Velocity Reviews

Velocity Reviews (http://www.velocityreviews.com/forums/index.php)
-   C Programming (http://www.velocityreviews.com/forums/f42-c-programming.html)
-   -   What happens when your program crashes? (http://www.velocityreviews.com/forums/t599909-what-happens-when-your-program-crashes.html)

jacob navia 03-18-2008 11:24 PM

What happens when your program crashes?
 
CB Falconer boasts:

>> My point is that those units have never seen a debugger.



Well, he should not read this article, since we are going to see what
happens when in the middle of the execution of your program, you see

"Segmentation fault"

And nothing. Your program doesn't exist any more, and it is up
to you to find *where* in those thousands of lines lies the fault.

First, you have to compile your program for debug, i.e. to switch on the
debug information generation. Personally I always leave that switch ON,
and only tell the linker to not include that information in the final
executable if I am going to ship the program to the customer. Otherwise,
it is always in.

Second you have to start the debugger, and run the program in the same
environment as the one where it crashed. This is important. A slight
difference in environment could mean that the crash disappears, or
that you get another crash, and not the one you were looking
for...

:-)

Let's suppose for now, that you reproduce the crash.

A "crash" is actually a signal from the CPU to the operating system
(an interrupt) that alters the flow of your program, since an interrupt
routine takes over.

This interrupt can be triggered by a wrong address, for instance, and in
the old times when I started learning C, the processor would signal that
the system bus did not accept some address. The program would stop with

"bus error".


Nowadays it is still the same. Only the appearances have changed. An
interrupt routine informs the OS that your program is trying to access
some bad address, the OS notices that the process is running under a
debugger, and then it notifies the debugger of the fact that the
program under debug crashed. The details of how this is done change
from OS to OS, but there is ONE information that MUST arrive to the
debugger (at least): the program counter.

The debugger then, looks its database of debug information in the line
numbers associative tables, and looks up where this address appears.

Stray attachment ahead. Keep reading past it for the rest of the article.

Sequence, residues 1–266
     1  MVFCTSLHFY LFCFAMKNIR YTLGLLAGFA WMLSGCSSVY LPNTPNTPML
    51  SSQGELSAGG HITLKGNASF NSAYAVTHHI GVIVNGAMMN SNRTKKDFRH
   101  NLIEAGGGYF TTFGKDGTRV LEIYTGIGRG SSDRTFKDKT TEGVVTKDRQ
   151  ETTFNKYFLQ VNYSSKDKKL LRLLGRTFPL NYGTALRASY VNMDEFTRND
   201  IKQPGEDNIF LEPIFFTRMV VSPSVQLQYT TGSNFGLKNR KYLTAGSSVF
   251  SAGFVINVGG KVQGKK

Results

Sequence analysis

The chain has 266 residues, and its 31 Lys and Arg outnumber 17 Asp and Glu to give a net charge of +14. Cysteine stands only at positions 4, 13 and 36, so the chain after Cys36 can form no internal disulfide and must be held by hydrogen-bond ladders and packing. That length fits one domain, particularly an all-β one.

In the easy cases, it will find the address in question and will then be
able to display the file where the crash happened.

In many cases however, the debugger will NOT find any correspondence
between the address of the crash, and the program. In those cases, the
debugger can either
1) give up, and just display the address where the program crashed,
as gdb does some times,
2) Try to use the st*** (Oh excuse me I was just going to use that
5 letter word)... Try again
Try to use the space allocated for local variables and follow the
linked list of function activations.

One way of trying to find the current point is the brutal approach of
the lcc-win debugger. I take all locals space, and go reading all of it
trying to find out if any of the numbers in the stack correspond to any
address I have in my line number information.

If I find (as usually is the case) an integer that correspond to a
program address, I assume that this address has been left by a CALL
instruction. To verify this, I read the contents around that address
and verify that a CALL instruction is in there. If the verification
passes I am certain that a CALL was done, and that this is where
the call in the program source code is located where things went wrong.

Because, obviously, you can pass a wrong pointer to a system routine
that calls another system routine with that pointer, and the chain can
be quite deep until the pointer is actually used.

Once the debugger has the point where the last user routine was active,
it can display the source code to the user. Local variables can be
retrieved only if the debugger is able to figure out the value of
the frame pointer when this routine was called. In general this is
enormously difficult, since the system routines are highly optimized
code, without stack frames, and maybe using the frame pointer as
a normal register to hold values that have nothing to do with stack
frames, values that if followed at face value could make the debugger
crash.

---------------------------------------------------------------------

The above is a description of debugging in a workstation type
environment. In other environments, this whole stuff is much more
difficult.

Take the lcc-win debugger when used with a 16 bit DSP of Analog devices
(80-90K of RAM + 512K EPROM).

For starters, there is no possibilities of breakpoints. Eproms can be